[Self] Confidence reveals an experience where the viewer uniquely feels the tension between the dangers of been seen and the dangers of not being seen. Zuboff argues that the goal of the surveillance capitalist is to change us. This entails that what is at stake is our agency in how we behave, how we choose, how we connect, how we vote… they capitalize on our experiences. This is a far cry from the exploitation of our labor. [Self] Confidence tells us, in confidence, what it has seen. And thus, gives the viewer the power to reflect with an individualized, and even an emotional, response to the limitations of the systems that surveil us.
Prior Art Automaton
Prior Art Automaton was initially exhibited as drawings in the Dutch Pavilion of the Venice Biennale 2018 and produced by ICIA. For the Rob Law exhibition, Studio Alight has turned this conceptual idea into a large-scale sculptural installation. The work questions the fundamental principles around corporate utilization of intellectual property.
In most systems of patent law, prior art is constituted by all information that has been made available to the public in any form before a given date that might be relevant to a patent’s claim of originality. An automaton is a self-operating machine designed to automatically follow a predetermined sequence of operations, or respond to predetermined instructions. In Prior Art Automaton, Studio Alight has used Artificial Intelligence in the form of machine learning algorithms that trains a recursive neural network.
The Automaton generates and prints new and unique patent texts, and thus, creates novelty – or prior art – at a pace unachievable by humans. The automaton takes away the possibility to have patents that can be used in infringement. The availability of this prior art protects smaller companies or individuals because they no longer need to compete with large global corporations in the system, a competition that would normally be experienced as that of David and Goliath. This is the end of patents as we know it.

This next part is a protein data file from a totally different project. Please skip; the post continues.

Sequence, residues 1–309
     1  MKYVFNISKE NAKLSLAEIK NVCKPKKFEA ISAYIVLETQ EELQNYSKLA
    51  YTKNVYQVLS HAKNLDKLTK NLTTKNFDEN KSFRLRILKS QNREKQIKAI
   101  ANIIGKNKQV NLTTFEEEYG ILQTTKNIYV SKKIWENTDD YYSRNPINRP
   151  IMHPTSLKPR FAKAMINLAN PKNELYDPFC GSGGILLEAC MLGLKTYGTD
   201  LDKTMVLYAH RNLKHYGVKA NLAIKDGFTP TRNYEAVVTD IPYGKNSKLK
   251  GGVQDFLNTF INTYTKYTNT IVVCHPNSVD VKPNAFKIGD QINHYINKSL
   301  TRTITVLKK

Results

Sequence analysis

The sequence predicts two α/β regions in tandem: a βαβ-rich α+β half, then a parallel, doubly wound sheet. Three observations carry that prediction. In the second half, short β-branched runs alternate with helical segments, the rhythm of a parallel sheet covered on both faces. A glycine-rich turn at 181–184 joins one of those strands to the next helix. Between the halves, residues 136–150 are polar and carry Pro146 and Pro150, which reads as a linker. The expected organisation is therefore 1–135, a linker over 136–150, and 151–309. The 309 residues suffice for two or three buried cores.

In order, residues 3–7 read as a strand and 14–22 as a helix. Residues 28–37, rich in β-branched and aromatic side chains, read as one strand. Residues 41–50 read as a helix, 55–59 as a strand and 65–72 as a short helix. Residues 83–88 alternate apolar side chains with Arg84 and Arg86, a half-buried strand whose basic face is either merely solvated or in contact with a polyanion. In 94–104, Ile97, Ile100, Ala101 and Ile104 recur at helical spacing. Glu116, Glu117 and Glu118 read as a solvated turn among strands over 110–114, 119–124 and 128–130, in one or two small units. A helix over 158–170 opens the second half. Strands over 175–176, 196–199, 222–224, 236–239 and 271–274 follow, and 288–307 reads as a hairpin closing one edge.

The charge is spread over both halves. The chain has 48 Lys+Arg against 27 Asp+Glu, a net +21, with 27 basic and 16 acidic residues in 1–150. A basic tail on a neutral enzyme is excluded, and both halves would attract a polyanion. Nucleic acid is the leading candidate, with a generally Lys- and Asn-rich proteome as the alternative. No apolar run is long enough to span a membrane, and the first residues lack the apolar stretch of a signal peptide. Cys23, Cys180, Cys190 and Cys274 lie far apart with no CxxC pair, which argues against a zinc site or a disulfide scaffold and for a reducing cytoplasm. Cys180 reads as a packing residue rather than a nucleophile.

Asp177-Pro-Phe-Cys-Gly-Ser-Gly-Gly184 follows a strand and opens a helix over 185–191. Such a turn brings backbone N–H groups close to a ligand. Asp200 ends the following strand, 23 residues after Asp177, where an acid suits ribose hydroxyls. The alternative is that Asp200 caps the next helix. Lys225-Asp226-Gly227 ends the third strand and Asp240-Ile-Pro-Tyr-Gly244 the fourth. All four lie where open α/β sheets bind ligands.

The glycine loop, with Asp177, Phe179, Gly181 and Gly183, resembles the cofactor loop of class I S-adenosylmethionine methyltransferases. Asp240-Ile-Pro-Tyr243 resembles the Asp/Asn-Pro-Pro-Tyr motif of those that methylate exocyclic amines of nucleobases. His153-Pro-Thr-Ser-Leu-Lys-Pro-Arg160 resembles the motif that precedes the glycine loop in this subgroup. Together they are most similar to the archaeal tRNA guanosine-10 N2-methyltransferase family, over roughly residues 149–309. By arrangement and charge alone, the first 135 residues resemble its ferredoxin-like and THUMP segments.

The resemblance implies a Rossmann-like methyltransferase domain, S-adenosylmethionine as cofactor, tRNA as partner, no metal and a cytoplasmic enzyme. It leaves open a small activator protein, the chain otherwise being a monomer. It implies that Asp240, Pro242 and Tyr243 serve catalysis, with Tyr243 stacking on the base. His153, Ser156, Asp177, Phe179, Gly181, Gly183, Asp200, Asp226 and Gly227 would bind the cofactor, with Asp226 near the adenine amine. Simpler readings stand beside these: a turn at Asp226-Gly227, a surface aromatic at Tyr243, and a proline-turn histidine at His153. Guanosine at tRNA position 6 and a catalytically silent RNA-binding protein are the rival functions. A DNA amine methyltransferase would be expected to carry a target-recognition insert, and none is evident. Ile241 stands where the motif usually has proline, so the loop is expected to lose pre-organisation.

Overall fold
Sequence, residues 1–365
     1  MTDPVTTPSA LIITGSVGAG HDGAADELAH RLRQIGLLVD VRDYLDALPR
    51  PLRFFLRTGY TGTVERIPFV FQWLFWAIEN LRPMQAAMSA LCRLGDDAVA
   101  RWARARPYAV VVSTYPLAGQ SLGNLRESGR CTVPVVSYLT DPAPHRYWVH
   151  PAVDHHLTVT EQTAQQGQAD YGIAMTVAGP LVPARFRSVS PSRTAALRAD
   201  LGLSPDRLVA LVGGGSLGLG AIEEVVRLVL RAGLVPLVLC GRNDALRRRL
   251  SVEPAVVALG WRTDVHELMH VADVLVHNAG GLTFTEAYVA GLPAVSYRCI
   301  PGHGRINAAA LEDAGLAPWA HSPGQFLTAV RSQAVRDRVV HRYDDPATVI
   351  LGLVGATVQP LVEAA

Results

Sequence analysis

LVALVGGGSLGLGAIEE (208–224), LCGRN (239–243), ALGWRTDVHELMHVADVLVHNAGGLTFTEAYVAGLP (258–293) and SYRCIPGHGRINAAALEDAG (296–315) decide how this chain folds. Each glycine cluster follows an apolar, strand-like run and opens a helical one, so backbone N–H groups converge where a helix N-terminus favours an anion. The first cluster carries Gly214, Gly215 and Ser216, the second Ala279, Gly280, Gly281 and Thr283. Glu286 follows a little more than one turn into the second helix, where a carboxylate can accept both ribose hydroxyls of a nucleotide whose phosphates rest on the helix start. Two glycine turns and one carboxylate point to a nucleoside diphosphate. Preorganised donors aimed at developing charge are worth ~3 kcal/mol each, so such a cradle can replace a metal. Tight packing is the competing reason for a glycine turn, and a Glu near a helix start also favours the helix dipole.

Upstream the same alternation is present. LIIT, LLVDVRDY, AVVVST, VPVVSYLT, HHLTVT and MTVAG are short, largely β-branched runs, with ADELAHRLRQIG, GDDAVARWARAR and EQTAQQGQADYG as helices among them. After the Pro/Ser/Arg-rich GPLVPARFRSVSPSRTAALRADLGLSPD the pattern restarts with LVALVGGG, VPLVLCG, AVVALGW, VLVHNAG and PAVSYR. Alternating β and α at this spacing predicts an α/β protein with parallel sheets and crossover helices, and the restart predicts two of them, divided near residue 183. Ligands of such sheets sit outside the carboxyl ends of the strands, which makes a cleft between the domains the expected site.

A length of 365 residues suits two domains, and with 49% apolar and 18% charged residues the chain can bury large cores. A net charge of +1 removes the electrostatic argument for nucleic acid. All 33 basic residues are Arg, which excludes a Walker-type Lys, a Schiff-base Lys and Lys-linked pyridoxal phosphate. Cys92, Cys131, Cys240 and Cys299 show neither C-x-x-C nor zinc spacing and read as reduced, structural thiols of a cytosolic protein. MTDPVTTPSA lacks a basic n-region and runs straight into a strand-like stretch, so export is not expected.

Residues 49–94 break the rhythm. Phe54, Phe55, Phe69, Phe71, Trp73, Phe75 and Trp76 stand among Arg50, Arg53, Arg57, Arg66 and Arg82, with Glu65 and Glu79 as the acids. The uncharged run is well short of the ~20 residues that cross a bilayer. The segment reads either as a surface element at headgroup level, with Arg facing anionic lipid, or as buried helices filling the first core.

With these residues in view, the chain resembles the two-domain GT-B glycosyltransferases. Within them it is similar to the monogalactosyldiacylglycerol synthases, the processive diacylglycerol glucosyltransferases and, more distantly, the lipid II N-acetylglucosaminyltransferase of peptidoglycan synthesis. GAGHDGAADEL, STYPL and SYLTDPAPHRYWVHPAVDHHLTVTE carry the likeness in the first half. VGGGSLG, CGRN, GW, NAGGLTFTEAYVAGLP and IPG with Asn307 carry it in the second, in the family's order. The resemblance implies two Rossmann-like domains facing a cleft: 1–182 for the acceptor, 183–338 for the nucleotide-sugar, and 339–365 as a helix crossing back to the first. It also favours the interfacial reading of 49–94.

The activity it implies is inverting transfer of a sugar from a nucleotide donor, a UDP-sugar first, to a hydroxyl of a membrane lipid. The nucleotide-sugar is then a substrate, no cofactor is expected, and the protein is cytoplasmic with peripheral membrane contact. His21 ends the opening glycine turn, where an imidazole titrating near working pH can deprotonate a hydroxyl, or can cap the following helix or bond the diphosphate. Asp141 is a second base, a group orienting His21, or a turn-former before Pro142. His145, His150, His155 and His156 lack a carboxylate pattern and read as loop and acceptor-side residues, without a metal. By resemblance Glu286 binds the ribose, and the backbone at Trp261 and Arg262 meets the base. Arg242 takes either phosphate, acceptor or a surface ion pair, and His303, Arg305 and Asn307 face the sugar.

Aesthetics of Law
Since 2015, ICIA has invited artists to examine various perspectives of the Aesthetics of Law. This overall thematic has aimed at investigating the modernity and its organisation of people through laws, norms , and aesthetics. The rise of modernity; the enlightenment and colonialism by the end of 18th century and its view on humanity, sorting of classes and races and its simultaneous proclamation on human rights have been explored in relation to contemporary society.
The Rob Law exhibition examines the aesthetics of law by literally entering the world of law using artistic strategies to challenge it. [Self] Confidence is a new work that highlights the bias embedded in image recognition systems, and speaks directly to us individually, even as it surveils us. Space of Law makes the law accessible through the aesthetics. Prior Art Automaton uses the aesthetic space – the art exhibition – to democratize the patent law by making ideas public thus enabling small companies or individuals to claim agency over today’s patent system. With the Rob Law exhibition, Studio Alight robs the law by exposing the explicit power the system holds over our lives, and does so, by creating automated robotic lawyers that can give back the power to the people.
Charlotta Kronblad is a lawyer and researcher of the digitalization of the law at Chalmers. She has been invited to write a text on Space of Law and led an artist talk at the opening night August 30.
Opening August 30
18 Artist talk with Charlotta Kronblad
The exhibition is realized with the support by Swedish Arts Council, The Nordic Culture Fond, Västra Götalandsregionens Culture and Göteborg City Culture